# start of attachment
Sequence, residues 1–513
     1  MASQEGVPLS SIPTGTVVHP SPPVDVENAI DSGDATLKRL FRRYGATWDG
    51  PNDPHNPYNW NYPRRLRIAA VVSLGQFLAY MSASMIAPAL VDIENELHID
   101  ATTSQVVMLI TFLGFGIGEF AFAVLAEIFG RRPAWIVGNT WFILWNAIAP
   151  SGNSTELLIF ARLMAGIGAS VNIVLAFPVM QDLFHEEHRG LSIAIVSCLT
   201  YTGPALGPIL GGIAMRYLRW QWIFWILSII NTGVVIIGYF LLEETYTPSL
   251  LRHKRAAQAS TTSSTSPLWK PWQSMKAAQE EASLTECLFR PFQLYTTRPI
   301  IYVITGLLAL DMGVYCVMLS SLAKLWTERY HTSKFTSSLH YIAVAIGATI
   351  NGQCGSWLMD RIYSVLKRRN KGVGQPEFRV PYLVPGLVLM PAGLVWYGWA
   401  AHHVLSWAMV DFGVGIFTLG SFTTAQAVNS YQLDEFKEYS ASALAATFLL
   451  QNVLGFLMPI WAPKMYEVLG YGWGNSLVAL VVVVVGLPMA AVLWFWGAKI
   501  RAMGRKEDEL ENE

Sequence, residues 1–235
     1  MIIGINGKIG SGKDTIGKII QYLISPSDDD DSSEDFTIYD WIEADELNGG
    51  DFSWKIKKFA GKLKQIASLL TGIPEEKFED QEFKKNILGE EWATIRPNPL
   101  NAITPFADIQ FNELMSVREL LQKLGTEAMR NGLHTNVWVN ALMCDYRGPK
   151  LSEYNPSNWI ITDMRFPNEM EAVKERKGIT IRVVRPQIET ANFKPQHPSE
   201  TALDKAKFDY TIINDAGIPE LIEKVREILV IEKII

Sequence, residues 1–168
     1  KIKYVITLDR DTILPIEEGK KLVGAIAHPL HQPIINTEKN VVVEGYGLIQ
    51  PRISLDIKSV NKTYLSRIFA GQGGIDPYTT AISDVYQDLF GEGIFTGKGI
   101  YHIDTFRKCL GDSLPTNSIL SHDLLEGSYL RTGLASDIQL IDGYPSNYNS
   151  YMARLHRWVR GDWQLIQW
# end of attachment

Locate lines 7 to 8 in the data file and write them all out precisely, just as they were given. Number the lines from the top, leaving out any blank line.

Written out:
   251  LRHKRAAQAS TTSSTSPLWK PWQSMKAAQE EASLTECLFR PFQLYTTRPI
   301  IYVITGLLAL DMGVYCVMLS SLAKLWTERY HTSKFTSSLH YIAVAIGATI